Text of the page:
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State Ed report: Many students began year without access to a device, internet

New York Civil Liberties Union

New survey results show about 8% of New York's public school students, or about 215,00 students, did not have a laptop or other device to use for remote learning in the first months of the school year. About 6%, or 165,000 students, lacked adequate internet access despite districts' efforts to equip students as the pandemic closed schools.

The preliminary results from the state Education Department's fall Digital Equity Survey were released Wednesday by the New York Civil Liberties Union following a FOIL records request.

“This information underscores just how vulnerable our public schools are after decades of under-funding and racial segregation,” said Johanna Miller, director of the Education Policy Center at the NYCLU. “Education leaders at every level need to examine this issue with their communities and construct solutions that will heal, restore, and compensate for the failure to reach so many kids during the pandemic. The pool of resources to support schools in the budget is finally deep enough to support this. We hope NYSED will help target relief to areas where existing inequities were exacerbated by social isolation, emotional devastation, and loss of instruction.”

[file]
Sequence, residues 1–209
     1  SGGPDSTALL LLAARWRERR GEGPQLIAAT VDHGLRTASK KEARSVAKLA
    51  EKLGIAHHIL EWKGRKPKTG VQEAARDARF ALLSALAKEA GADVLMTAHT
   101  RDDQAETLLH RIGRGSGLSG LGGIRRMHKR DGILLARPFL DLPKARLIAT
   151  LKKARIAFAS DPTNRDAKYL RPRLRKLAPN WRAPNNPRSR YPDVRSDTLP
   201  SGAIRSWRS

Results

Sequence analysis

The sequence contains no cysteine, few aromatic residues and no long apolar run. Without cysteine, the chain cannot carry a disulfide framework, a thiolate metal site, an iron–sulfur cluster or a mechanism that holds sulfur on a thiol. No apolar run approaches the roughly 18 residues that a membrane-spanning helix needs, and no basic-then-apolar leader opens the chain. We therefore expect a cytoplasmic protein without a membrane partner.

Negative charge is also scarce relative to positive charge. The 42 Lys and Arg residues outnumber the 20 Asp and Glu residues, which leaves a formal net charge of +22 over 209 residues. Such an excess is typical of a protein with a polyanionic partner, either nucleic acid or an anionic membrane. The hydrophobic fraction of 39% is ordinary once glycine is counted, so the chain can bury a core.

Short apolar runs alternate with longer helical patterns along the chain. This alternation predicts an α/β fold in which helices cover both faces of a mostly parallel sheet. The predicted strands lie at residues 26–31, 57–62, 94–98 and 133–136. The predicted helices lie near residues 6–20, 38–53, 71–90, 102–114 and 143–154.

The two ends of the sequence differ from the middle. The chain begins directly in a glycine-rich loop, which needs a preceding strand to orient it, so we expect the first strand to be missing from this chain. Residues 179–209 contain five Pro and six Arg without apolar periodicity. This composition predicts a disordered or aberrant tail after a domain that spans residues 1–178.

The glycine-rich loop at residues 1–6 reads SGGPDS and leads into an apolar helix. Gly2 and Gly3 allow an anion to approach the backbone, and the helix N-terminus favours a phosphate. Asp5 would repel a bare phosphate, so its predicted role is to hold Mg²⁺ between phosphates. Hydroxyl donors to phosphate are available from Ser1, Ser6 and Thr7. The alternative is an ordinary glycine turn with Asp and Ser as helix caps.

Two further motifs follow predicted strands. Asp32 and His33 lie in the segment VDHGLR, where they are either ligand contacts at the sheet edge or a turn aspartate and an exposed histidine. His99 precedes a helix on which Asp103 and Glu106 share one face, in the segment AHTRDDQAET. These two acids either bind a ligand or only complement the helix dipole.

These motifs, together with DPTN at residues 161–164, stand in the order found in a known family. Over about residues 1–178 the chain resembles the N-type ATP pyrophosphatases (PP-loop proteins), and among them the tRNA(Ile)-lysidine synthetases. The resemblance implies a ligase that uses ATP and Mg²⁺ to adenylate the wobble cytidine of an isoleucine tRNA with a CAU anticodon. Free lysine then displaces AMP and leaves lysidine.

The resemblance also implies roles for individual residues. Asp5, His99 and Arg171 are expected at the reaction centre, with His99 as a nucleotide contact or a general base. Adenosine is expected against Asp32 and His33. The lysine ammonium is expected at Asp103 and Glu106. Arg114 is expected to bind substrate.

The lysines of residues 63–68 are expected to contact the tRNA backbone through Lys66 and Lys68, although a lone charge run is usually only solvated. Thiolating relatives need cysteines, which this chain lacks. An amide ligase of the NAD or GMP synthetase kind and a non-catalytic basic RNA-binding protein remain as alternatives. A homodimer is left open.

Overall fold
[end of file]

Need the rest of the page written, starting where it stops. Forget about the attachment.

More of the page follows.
The results show the greatest deficiencies in higher needs urban and suburban schools.

  • In New York City, 14% of students had no access to a device and 31% were using a device provided by family or a guardian.
  • In Buffalo schools, the percentage without access was only 3% and 1% used a device provided by family or a guardian.
  • In charter schools statewide, 1% had no access and 11% used a device provided by family or a guardian.

The NYCLU said the data reveals a student in a majority Black or Brown school district was four times more likely to have inadequate or no internet than a student at a majority white school district. The main reason for no internet access was cost, except in rural and BOCES classes, where availability was the "top barrier."
More than 2.6 million students were represented in the survey results. It also looked at teacher access to devices and the internet at home. See those results here.

The Associated Press contributed to this story.

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